The meaning of the poem “Summer Storm” by Louis Simpson is that a couple is on the move to move their house to another part of the land. They are lovers but are unmarried. They are in the midst of a torrid love affair. It seems that with their lifestyle they are not welcome where they are and so are on the move to where they can live in peace. It’s as if the ‘summer storm’ is their way of life, which is a storm upon hallowed traditions in the town. They have made love everywhere imaginable – as espoused in the first stanza of this poem.
Therefore, the couple decides they must get to a new location to live - to live their life without being the focus of the eyes of others. They were “Covering as much ground as they were able.” This means they were making love as often as they could, anywhere it seems. It also means they are covering ground to find a new place to live – and to move their home with them.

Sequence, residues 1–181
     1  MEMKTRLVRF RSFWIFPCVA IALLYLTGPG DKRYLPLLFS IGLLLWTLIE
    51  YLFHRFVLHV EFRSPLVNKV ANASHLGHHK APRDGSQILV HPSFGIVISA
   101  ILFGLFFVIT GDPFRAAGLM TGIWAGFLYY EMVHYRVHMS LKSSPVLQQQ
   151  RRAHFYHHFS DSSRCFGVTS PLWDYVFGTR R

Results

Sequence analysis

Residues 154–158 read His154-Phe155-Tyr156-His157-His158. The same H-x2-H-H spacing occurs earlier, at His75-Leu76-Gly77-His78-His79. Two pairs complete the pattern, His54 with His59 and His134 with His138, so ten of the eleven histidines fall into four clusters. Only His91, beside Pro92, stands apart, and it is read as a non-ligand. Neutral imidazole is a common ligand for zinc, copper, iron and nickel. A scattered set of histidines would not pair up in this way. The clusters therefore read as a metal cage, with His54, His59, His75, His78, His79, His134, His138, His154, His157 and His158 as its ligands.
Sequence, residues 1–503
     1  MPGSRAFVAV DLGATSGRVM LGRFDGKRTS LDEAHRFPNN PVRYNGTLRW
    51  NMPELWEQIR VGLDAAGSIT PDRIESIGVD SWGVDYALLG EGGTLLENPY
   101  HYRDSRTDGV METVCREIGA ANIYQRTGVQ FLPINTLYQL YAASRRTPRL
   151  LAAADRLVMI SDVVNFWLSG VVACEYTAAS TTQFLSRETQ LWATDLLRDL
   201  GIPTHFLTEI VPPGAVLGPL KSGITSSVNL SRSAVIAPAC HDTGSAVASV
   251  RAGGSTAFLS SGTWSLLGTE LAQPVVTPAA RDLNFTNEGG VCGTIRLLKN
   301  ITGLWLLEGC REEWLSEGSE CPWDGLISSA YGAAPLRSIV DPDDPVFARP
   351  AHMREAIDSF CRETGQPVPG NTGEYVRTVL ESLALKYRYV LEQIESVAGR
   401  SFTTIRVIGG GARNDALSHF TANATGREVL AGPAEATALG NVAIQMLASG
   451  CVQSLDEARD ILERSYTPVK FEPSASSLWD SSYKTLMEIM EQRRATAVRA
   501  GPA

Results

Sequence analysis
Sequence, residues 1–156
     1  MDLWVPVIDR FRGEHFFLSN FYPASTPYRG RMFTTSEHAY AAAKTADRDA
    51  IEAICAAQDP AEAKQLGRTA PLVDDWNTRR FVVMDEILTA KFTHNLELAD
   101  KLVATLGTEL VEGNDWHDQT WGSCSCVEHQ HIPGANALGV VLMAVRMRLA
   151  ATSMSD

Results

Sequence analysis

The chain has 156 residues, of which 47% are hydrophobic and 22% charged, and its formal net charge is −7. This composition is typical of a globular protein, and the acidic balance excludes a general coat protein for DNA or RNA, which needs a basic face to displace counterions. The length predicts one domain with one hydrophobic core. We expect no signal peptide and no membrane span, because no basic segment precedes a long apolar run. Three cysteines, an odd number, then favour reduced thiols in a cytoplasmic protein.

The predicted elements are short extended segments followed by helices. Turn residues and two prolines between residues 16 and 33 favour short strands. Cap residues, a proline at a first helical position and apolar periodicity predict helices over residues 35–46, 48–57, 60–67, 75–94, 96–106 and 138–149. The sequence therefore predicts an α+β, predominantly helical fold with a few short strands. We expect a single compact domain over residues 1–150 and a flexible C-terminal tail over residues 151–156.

It, the storm, may be relating to the couple’s sudden love affair, essentially, their love blossoming quickly and passionately.
The lady that comes upon them, in white, represents the purity of marriage. When it talks of her writing to the newspapers, it is as if she’s bemoaning the breakdown of traditions in the town. She is not sold on the modern ways of handling love relationships. Evidently, though, the couple’s love relationship is a beautiful thing because the poet says that, “By Cupid, but they cut some pretty capers!”
The lovers move their house to another locale. The poet says that they are now married in their own home and now they can shut the door and conduct their affairs in private. To the poet/narrator of this poem, now that the couple is married, all is well with the world – Nature has been restored to its proper station and balance.